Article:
And if there’s a God, He certainly works in mysterious ways—Peter got arrested when he tried to pull the same trick on an 18-year-old girl back home, and of course, he was jailed because of that. But I do remember that peculiar feeling when I saw the news on Facebook—justice had been served … in a way, but he wasn’t really taking responsibility for everything that he did; he might have answered for his crimes, but not for what he tried to do to me.
This morning I received an email from my mother again, saying how sorry she was about that day. She also used a quote from the bible, despite her never being a religious person.
"I once was blind but now I see."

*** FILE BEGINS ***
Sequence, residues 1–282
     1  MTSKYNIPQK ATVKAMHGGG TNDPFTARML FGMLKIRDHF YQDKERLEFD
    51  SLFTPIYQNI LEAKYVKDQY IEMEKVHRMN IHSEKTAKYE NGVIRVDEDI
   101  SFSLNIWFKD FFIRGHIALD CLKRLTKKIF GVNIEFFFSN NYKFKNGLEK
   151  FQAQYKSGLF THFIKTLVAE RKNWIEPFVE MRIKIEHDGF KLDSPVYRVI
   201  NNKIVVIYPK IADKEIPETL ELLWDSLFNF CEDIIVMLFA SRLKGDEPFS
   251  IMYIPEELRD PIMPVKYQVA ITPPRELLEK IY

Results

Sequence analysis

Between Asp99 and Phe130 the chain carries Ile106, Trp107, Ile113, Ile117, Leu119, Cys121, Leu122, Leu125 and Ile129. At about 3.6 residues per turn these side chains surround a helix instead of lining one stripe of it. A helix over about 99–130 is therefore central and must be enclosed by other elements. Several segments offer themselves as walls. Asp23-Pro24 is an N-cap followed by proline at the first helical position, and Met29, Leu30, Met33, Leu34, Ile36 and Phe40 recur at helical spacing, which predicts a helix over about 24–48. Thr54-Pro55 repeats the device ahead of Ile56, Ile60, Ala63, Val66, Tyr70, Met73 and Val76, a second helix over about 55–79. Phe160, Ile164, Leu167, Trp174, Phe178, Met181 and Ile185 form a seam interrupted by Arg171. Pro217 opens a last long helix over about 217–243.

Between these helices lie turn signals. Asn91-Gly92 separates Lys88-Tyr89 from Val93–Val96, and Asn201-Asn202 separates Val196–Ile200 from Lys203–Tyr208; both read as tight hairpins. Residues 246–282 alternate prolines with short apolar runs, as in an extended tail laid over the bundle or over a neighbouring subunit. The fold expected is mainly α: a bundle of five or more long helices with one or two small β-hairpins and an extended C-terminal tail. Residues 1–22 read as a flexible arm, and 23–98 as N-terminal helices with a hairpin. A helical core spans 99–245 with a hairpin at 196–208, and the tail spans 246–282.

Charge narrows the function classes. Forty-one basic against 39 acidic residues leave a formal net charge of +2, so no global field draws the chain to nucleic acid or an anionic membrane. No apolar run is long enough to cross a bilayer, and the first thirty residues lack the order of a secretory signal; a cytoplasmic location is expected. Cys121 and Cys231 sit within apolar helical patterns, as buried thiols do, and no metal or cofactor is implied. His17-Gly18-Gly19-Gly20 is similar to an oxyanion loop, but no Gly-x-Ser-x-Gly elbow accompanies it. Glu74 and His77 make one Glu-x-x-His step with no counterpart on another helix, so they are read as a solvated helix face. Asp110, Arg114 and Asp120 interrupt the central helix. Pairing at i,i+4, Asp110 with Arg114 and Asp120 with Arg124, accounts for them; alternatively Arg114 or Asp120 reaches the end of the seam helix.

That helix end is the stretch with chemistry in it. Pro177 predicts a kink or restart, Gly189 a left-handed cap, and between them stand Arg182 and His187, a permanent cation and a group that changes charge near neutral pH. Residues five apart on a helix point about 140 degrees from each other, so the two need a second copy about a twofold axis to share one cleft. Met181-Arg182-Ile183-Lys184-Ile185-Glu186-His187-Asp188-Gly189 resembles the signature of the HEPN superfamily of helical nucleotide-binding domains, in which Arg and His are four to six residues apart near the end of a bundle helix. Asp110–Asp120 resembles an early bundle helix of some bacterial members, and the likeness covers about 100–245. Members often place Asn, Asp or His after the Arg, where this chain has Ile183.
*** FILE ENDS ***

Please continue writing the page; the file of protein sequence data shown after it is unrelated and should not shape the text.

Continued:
Or was it from "Amazing Grace?" Doesn't matter. For one reason or another, that line really struck me—or rather, what it entails really did. I didn't respond to her emails ever since I left, but this time I decided to invite her here.
A new beginning, I guess.
What can we learn from this story?
Children are innocent—our actions often have lasting consequences on our children. Be careful with what we do or say to them.
Open communication—communications go both ways. Don't forget to listen while we are talking.
Call the police in such situations—should you be unfortunate enough to find yourself in such situations, call the police immediately.
Share this story with your friends. It might brighten their day and inspire them.
If you enjoyed reading this story, you might also like this where a girl was fat-shamed in school but she managed to make those people regret it.